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What Happened to the Weird 'Louie' of Last Season?

KC Bailey/FX

Last October, shortly after an expletive-laden rant against ISIS fighters (“Oh, fuck you, ISIS. Sincerely please fuck each other in the mouth with forks.”), Louis C.K. deleted his Twitter account. He hasn’t publicly discussed why; he was an intermittent Twitter user to begin with and some of his most praised comedy routines are about the pernicious effects of technology and social media. (Not to mention that, unlike less famous comics, he doesn’t need the publicity.) Though C.K. had never tweeted anything remotely as dumb or troubling as the Trevor Noah “jokes” that created a kerfuffle last week, I have to imagine he was relieved to have already unplugged. The overwhelming message from comics these days has been that Twitter is where comedians go to get in trouble. And if the first four episodes of the new season of “Louie” are any indication, C.K. has lost his appetite for controversy.

“Louie,” which starts its fifth season Thursday night on FX, is still funny, sad, and ungainly. But it’s massively scaled down from last year’s messily ambitious season. (That’s true literally—seven episodes versus last season’s fourteen.) Last year, “Louie” offered two serialized narratives, a 90-minute film about Louie’s childhood in which C.K. barely appeared, and episodes that took place largely in Hungarian.

It was made-for-thinkpiece television, with C.K. diving right into the Problematic. In the second episode, Louie punched a skinny young model in the face. In the third, an overweight woman gave an impassioned—and, in my mind, condescending—speech about how hard it is to date as a fat girl. Then there was an attempted rape, or something that looked like it, including the unforgettable line, “You can’t even rape well.” By the end of the season, critics were asking if C.K. was trolling the Internet, or if “the Internet has a ‘Louie’ Problem.” Did the character have a problem with consent? Was the show condoning Louie’s actions? 

While the show had been provocative before—the first season included an extended discourse on the word “faggot”—it relied on the audience to extend him the benefit of the doubt, and for the most part, we did. That’s Louie. He’s a good guy, he’s a single dad, he’s the self-aware white guy who “gets” race. We can trust him. C.K. had taken two years off to create the season, and he may not have realized the ways that the Internet of 2014 differed from the internet of 2012, how the economy of instant opinions had metastasized. The whole experience was troubling and thought-provoking and kind of exhausting.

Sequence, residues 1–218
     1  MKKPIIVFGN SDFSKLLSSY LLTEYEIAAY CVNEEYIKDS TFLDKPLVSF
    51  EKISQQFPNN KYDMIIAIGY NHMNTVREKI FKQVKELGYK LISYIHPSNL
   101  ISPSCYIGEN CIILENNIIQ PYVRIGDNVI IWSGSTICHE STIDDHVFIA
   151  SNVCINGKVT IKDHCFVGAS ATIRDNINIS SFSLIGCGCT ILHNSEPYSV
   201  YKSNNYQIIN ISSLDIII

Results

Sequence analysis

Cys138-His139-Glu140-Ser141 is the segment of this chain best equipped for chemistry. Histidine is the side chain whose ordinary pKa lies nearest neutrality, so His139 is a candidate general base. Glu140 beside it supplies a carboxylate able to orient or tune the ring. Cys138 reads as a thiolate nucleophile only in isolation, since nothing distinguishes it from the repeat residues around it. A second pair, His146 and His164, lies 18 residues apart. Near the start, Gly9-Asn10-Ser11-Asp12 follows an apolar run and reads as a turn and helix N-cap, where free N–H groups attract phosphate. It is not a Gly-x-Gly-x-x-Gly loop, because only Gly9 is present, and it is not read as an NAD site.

Certainly C.K. seemed exhausted when he promised industry reporters in January that the upcoming episodes would be more “laugh-centric funny than season four.” The sign that we should expect something different of “Louie” this season comes within the first few minutes: a New York subway station, a slice of pizza, familiar jazz. The opening credits, which went missing last season, have returned. The show has gone back to something resembling an actual TV show— something simpler, more straightforwardly funny.   

At times, “Louie” seems to be self-consciously apologizing for the excesses of last season. Instead of Louie as a potentially threatening, lumbering man, he’s a wuss, berated and domineered by strong women. His sort-of-girlfriend Pamela (Pamela Adlon) sets the terms of their relationship. A bulky lesbian suggests he cut off his dick and eat it. In the fourth episode, a small blonde woman actually beats Louie up. Aggressive women are everywhere, and there is Louie, standing by and reassuring them that he poses no threat. The idea that this man might be dangerous is like a bad dream. 

In January, C.K. released a new comedy special, accompanying it with a long, wistful note to fans explaining why he chose to film at a comedy club, not an arena. It’s a long ode to the glory days of comedy clubs, where comics can gather and “say wicked, crazy, silly, wrongful, delightful, upside-down, careless, offensive, disgusting, whimsical things.” The letter is full of nostalgia for a time when he was under less scrutiny, when it was easier for him to go up on stage and bomb, and then move on. No one would remember that misguided comment or offensive joke. Season five of “Louie” is his new experiment in moving on.